Results and discussion

Speleothem U-Th and U-Pb ages

In combination with new U-Th ages, we present the first U-Pb dates obtained on speleothems from the NCC, extending knowledge of its development prior to 500 ka (Supplementary Table 2). In total we analysed 71 samples for U-Th, of which 15 were within uncertainty of the infinite-age isochron; the latter were then dated with U-Pb techniques (Fig. 3 and Supplementary Fig. 1). The new Naracoorte record spans the Early Pleistocene to Holocene interval, from ~1.3 Ma to ~1.2 ka. The uncertainty on the U-Th ages increases systematically with increasing age, a characteristic inherent to the chronometer. As a result, the age precision (2se) on the younger ages (from 0 ka to ~350 ka) is usually 1–2% with some exceptions resulting in 3% on average, whereas beyond 350 ka uncertainties average 11%. Precision of the U-Pb ages, which depends on the quality of the isochron regression, varied from 1–29% with most samples (n = 13) characterised by a precision better than 11%. Although these uncertainties are relatively high for the U-Pb method, due largely to the extremely low U contents encountered (typically ~150 ppb), such uncertainties are an improvement upon results from other dating techniques which have been applied to cave sediments (e.g., OSL, AAR, cosmogenic nuclides). Previously, speleothems from the NCC have only been dated with the U-Th chronometer17,31; our new data significantly improve the existing speleothem chronology and extend it by ~70%.

Fig. 3: Example U-Pb isochrons from two speleothem samples from the Naracoorte Cave Complex.
figure 3

a Stalagmite sample ALEX-11 from Alexandra cave. b Flowstone sample JQ-2 from James Quarry. See Supplementary Fig. 1 for all U-Pb isochrons.

Improved knowledge of the antiquity of the Naracoorte Cave Complex

Although previously reported ages for the Naracoorte region remain inconclusive, palaeomagnetic data suggest that cave development may have begun in the Early Pleistocene. The existing speleothem chronology17,31,32 has been of limited use in this context because the system is clearly beyond the reach of the U-Th chronometer. Among the new U-Pb ages from this study are speleothems that were growing in several caves as early as 1.34 ± 0.04 Ma (stalagmite ALEX-11), 1.23 ± 0.08 Ma (flowstone WB-6) and 1.20 ± 0.02 Ma (stalactite DS-10). Our oldest speleothem age of 1.34 Ma predates the oldest age estimate of the last sea-level highstand at Naracoorte by ~400 ka, based on the AAR age for the East Naracoorte Range of 938 ± 178 ka. These radiometric ages indicate cave initiation at least 0.2–0.5 Ma earlier than previously assumed.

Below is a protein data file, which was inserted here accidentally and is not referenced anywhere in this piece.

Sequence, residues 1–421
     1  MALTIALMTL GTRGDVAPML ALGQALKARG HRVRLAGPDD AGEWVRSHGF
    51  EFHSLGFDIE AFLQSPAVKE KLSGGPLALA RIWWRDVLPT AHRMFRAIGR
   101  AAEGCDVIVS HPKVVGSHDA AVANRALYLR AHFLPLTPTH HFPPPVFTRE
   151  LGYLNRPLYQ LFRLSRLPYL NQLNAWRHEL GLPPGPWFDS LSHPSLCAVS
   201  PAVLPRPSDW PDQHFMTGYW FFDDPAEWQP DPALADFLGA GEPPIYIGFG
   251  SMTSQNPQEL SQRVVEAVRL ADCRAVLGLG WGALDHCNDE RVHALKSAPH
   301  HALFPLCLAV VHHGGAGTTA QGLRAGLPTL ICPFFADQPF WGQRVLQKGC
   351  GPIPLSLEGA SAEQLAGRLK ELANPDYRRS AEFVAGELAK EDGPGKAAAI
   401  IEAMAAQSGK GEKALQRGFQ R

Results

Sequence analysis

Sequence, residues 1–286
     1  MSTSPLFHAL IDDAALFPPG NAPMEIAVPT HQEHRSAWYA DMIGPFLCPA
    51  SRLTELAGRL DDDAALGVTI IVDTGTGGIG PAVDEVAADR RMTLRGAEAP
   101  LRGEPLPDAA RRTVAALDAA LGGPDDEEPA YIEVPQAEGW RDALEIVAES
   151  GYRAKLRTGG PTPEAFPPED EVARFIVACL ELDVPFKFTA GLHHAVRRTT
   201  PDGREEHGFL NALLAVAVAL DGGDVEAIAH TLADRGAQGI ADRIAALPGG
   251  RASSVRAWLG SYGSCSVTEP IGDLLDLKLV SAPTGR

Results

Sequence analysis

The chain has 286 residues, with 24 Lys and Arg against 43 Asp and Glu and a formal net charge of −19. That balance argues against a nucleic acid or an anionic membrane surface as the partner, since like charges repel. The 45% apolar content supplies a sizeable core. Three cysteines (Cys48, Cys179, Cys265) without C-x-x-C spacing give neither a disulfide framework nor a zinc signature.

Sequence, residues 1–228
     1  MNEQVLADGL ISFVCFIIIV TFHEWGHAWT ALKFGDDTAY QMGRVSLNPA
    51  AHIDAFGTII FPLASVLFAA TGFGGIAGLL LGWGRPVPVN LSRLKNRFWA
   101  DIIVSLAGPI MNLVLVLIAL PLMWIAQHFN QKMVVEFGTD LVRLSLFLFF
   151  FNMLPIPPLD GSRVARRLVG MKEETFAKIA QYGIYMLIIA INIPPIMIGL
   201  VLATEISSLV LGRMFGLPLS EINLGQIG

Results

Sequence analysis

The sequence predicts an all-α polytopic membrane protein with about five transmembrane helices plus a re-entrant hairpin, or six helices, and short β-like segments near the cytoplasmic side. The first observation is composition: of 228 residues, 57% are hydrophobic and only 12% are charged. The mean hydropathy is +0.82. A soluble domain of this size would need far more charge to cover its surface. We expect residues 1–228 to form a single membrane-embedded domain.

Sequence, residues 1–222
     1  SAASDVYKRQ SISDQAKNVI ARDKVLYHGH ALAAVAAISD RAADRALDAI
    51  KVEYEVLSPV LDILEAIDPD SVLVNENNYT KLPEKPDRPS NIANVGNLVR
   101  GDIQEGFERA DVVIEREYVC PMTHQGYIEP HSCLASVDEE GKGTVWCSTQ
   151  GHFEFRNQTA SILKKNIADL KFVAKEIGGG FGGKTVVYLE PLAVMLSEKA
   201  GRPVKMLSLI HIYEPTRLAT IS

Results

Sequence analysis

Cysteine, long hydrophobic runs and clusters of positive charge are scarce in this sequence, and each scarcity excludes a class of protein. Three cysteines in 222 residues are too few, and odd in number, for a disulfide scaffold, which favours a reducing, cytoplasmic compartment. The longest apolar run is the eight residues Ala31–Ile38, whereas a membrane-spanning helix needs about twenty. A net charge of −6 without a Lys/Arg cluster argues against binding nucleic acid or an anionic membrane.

Charcoal and pollen as indicators of cave opening

We screened a large pool of dated speleothems (see “Methods”) to produce a set of 66 samples which were analysed for microcharcoal (10–100 µm) and pollen concentrations. Pollen and charcoal concentrations (Fig. 4) can be considered independent proxies for cave openness, by which we mean an opening to the surface large enough to allow dynamic airflow (i.e., air speed sufficient to keep dust in suspension) including, but not limited to cave entrances, dolines with entrances and larger solution pipes. Charcoal is likely more reliable because it is much more oxidation-resistant than pollen, and consequently is more frequently observed and more abundant in the NCC speleothems. To use charcoal and pollen in this way, the following taphonomic criteria should be fulfilled: (1) charcoal must be sourced from naturally occurring wildfires on the surface above and not from anthropogenic fires within a cave; (2) drip water must be ruled out as the main mode of transport and (3) the cave must not have experienced significant influx of floodwaters (as it may act as additional sources of charcoal and pollen).

Fig. 4: Chronology of the Naracoorte Cave Complex in the context of proxies of cave ventilation dynamics.
figure 4

Charcoal and pollen concentrations within the speleothem samples by age, with 2σ uncertainties (whiskers). Charcoal and pollen concentrations are presented on log scales (natural log values <2 indicate ≤7 pieces of microcharcoal or pollen per gram of calcite) because differences in their abundance between caves, and varying individual speleothem growth rates, are uncontrolled variables. See text for further discussion. Grey box indicates the suggested “sweet spot”: old speleothems with intermediate to high charcoal/pollen contents indicating early cave ventilation, which indicate caves that can serve as potential targets for future studies looking for older vertebrate fossil deposits.

The data reveal a sharp increase in charcoal concentration after ~250 ka. This inflection greatly predates current estimates for earliest human arrival in Australia of around 65 ka33, and we do not observe any further increase in charcoal concentrations after this point. Charcoal concentrations in our speleothem samples are therefore apparently insensitive to any changes in charcoal production and transport related to possible human landscape burning practices over the past ~65 ka. Previous pollen studies9,34 conclude that drip water is generally not a source of pollen in caves. In our case, we would expect that all speleothems would contain similar charcoal/pollen concentrations if drip water was the dominant source. Instead, a significant portion of the Naracoorte speleothems contain negligible non-calcite residue, in contrast to charcoal-rich samples which typically contain both mineral (e.g., siliciclastic silts, quartz) and biological (e.g., charcoal, pollen, fungal spores, invertebrate remains) dust fractions (Fig. 4 and Supplementary Fig. 2), suggesting that drip water is not an important source of charcoal or pollen within the caves. In addition, a detailed study of karst features and speleogenesis within the NCC20 suggests that only localised flooding occurred in lower passages after heavy rainfall events. For these reasons, we are confident that the charcoal fragments are primarily wind-derived, and that pollen was transported into the caves either by air currents or by animals (presumably, mainly insects).